Avoid taking selfie at these places in Kerala 27th of January , 2016   

A daring 'jumbo' selfie is what they wanted, but two young men from Kannur ended up being chased out of the forest by an angry elephant when they got 'too close for comfort' to the tusker, who wasn't impressed by the camera flash. The incident became a talking point on social media sometime ago. While the two managed to escape unscathed, many others who attempted similar selfie stunts weren't as lucky. The year 2015 saw the maximum number of selfie deaths, with India topping the list! Not surprisingly, metros like Mumbai are thinking of demarcating certain 'no-selfie' zones in the city. We analyse areas where the edgy shots would be dangerous or inappropriate in Kerala, which also had its share of selfie deaths.

Railway tracks and stations

In separate instances, two teenagers in Kerala were hit by speeding trains and lost their lives while attempting selfies near railway tracks. One had a 15-year-old lad from Thrissur attempting a selfie in front of a speeding train, while in the other, a 14-year-old boy from Palakkad climbed a stationary goods train for a selfie stunt. But he came into contact with an overhead electric line, suffering fatal burns.

Sadly, despite such alarming incidents, the trend still continues. Says banker Anumol Jose, a frequent traveller, "I often see youngsters attempting dangerous selfies near the doors of trains and also on the tracks. Officials should spring into action and penalise those who risk their lives through such reckless acts," she says.

However, the authorities say that rather than a new rule, awareness is the need of the hour. Trivandrum Railway Divisional Manager Sunil Bajpai says, "There are already rules that restrict photography in public places like railway stations. Those attempting dangerous selfies are breaking them and putting their lives in danger. In such cases, I don't think another rule specifically for selfie would make any difference. The focus should be on creating awareness of the consequences."

Near dangerous animals

It's only been a year since a woman from Gujarat got trampled by a captive elephant at Thekkady, when she attempted a selfie with the animal alongside her family. While animal harassment has always been an issue, the social media craze has led to more of such instances, opines animal rights activist Sandhya N. "The mindless selfies of smart phone users put themselves and others too at risk," she exclaims, stressing that people should exercise caution when approaching animals.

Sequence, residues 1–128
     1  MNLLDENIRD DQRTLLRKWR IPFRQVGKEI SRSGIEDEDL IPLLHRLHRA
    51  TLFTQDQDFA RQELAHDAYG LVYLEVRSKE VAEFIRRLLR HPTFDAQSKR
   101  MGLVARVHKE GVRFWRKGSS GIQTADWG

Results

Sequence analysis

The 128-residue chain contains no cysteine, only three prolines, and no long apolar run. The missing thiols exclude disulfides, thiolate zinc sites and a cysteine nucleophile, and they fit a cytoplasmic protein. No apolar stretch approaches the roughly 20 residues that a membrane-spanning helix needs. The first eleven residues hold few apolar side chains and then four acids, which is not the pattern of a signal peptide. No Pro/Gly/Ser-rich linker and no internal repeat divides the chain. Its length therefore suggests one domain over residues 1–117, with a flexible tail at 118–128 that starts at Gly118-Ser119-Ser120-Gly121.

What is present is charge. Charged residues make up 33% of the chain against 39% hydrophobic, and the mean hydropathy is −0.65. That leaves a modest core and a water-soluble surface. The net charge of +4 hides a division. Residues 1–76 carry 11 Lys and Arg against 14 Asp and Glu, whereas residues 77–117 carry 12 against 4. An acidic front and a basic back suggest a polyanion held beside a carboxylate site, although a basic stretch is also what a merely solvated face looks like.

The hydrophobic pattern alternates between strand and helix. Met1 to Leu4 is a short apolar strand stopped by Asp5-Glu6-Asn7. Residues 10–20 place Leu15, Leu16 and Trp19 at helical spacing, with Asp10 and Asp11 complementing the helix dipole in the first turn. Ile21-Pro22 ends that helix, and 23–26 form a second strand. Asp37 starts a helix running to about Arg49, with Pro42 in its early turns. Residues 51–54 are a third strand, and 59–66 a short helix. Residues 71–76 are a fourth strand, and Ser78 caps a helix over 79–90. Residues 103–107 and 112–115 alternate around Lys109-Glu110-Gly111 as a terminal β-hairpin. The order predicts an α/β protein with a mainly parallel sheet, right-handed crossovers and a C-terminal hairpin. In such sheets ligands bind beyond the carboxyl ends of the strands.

While selfies might be fun for humans, it intimidates animals. Veterinary doctor Jim K K explains, "Friendly animals like monkeys might pose for pictures, but lions and elephants panic when such stunts are tried with them. They feel like you are intruding into their space."

Near or in water bodies

While no major untoward incident has been reported in Kerala so far involving selfies near water bodies, alarming statistics from across the world suggest that it's one of the most dangerous selfie zones. It was just a few days ago that an 18-year-old girl was swept away by high tide and drowned near Bandstand in Mumbai, while trying to take a selfie on top of a rock. A man who tried to save her too lost his life, proving that one thoughtless act can put the life of others too in peril. The instance had prompted cops to identify 16 risky zones where selfies are better banned.

In Kerala, there are strict rules in many places for photography near water bodies. Travel coordinator Rupa Subramaniam explains, "Generally, tourists are instructed to stay within a perimeter while checking out water bodies like dams. However, there are times when some people bend backwards towards the water body to get panoramic shots or include everyone when in a group. Such stunts can prove fatal and therefore it's best to avoid them."

In religious places

A few months ago, Kerala Catholic Bishops Council sparked a discussion when it said that parents should discourage kids from 'exhibiting themselves through selfies.' The observations were also based on the increasing 'touristy behaviour' noted at places of worship that hurts religious sentiments.

Guruvayoor Dewaswom Board former member M Janardhanan says, "In the premises of many places of worship in Kerala, photography is banned and punishable. It is some kind of mental illness if people try to click photos with idols and inside the places of worship, despite warnings. It can be offensive to others."

According to Rev Dr J W Prakash, vice-chairman of CSI Kerala Youth Movement, selfies at public spaces like religious premises is often a nuisance. "It can cause a lot of inconvenience too to others, who are there to pray and spend time in peace."

Like some wise guy wrote in the internet, while we all feel the impulse to click a perfect selfie and share it on social media, remember that if you are dead, you won't be able to update at all!